The Recidivism Reduction and Public Safety Act, introduced by Sheldon Whitehouse, Democrat of Rhode Island, and John Cornyn, the Texas Republican, would allow low-risk prisoners to earn credit for early release by participating in education, job training and drug treatment programs.

Reforms like these were unthinkable even a few years ago, when the Republicans’ longtime tough-on-crime dogma — echoed by Democrats who fearfully fell into line — drove irrational sentencing laws. Why have things changed so quickly? In a word, money — or the lack of it. The bloated Bureau of Prisons eats up nearly $7 billion a year, a quarter of the Justice Department’s entire budget. Politicians like Senator Rand Paul, Republican of Kentucky, and Mr. Lee have become the public face of the conservative turnabout, and they deserve credit for their efforts, but it’s important to remember that almost none of this would be happening without the need to save money.

In fact, many of the reforms now under consideration at the federal level began in reliably conservative states, where budget crises long ago demanded sweeping and lasting change. In Texas, which incarcerates more people than any other state, lawmakers have adopted alternatives to prison, such as drug courts and improved community supervision programs, that help keep people from reoffending. The result has been a steady decline in the prison population and the closing of three state prisons, even as crime rates go down. As Mr. Cornyn told The Times, “From Texas’s perspective, the evidence is in.”

Since 2000, 29 states have moved to cut back on mandatory sentences, particularly for low-level and nonviolent drug offenders, according to a new report by the Vera Institute of Justice.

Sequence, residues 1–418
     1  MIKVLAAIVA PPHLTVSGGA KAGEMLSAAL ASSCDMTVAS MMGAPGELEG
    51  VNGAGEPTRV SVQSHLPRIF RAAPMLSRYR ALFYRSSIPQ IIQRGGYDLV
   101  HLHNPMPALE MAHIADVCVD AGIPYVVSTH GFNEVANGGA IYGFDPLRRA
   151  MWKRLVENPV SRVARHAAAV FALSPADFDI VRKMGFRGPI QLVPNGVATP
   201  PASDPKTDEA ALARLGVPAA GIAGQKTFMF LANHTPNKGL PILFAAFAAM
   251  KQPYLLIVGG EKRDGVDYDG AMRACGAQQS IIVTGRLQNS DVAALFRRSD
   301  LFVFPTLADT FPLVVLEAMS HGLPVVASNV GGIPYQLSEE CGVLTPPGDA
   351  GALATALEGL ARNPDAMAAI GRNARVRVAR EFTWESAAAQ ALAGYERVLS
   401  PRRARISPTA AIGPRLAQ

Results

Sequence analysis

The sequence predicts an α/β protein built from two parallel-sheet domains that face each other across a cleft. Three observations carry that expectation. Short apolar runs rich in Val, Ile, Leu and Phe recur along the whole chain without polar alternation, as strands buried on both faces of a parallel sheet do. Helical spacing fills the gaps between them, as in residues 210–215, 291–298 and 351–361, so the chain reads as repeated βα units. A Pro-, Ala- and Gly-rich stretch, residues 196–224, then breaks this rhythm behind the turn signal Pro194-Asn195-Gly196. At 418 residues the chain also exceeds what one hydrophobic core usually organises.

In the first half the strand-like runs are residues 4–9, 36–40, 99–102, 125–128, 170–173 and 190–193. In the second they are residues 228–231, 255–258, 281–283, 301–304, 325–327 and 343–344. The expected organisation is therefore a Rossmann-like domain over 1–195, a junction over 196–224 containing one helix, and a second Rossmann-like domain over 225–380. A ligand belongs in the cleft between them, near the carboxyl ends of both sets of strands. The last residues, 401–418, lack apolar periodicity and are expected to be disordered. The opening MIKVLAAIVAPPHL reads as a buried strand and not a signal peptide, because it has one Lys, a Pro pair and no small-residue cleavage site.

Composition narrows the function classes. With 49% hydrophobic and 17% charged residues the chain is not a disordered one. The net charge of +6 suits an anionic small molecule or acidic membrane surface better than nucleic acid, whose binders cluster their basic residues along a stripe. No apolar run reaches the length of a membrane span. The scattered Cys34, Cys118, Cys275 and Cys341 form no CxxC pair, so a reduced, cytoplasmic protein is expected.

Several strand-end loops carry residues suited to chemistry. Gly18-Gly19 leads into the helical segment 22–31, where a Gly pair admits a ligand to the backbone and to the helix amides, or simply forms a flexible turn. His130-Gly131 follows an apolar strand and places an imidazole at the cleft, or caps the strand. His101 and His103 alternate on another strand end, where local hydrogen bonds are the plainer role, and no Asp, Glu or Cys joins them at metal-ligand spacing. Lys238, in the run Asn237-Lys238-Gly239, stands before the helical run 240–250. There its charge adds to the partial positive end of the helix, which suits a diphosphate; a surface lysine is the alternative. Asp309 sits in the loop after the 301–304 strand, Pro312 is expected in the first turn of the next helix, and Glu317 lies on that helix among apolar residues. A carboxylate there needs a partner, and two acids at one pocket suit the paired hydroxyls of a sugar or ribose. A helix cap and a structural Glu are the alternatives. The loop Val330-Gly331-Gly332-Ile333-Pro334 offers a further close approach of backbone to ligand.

Some prosecutors and politicians warn that all this reform comes at a serious risk to public safety, but the experience of multiple states shows otherwise.  Reserving prison for the most violent offenders saves money, and antirecidivism programs targeted at low-risk inmates protect public safety.

Whether the concern is too much government, too little money, or the inherent unfairness of locking people up for years for no good reason, the energy from both the right and the left is converging, and the moment for meaningful reform has arrived.

Though I share the general perspective that there is a “fierce urgency of now" for federal sentencing reforms, I disagree that money explains these recent developments at the federal level.  States, especially red states, have been at the forefront of modern sentencing reforms because of the need to balance budgets without raising taxes, but the feds have long shown a willingness to borrow money for any and all federal priorities. Rather, I think there is a new generation of politicians and voters who no longer view crime as much more salient concern than just and effective punishment.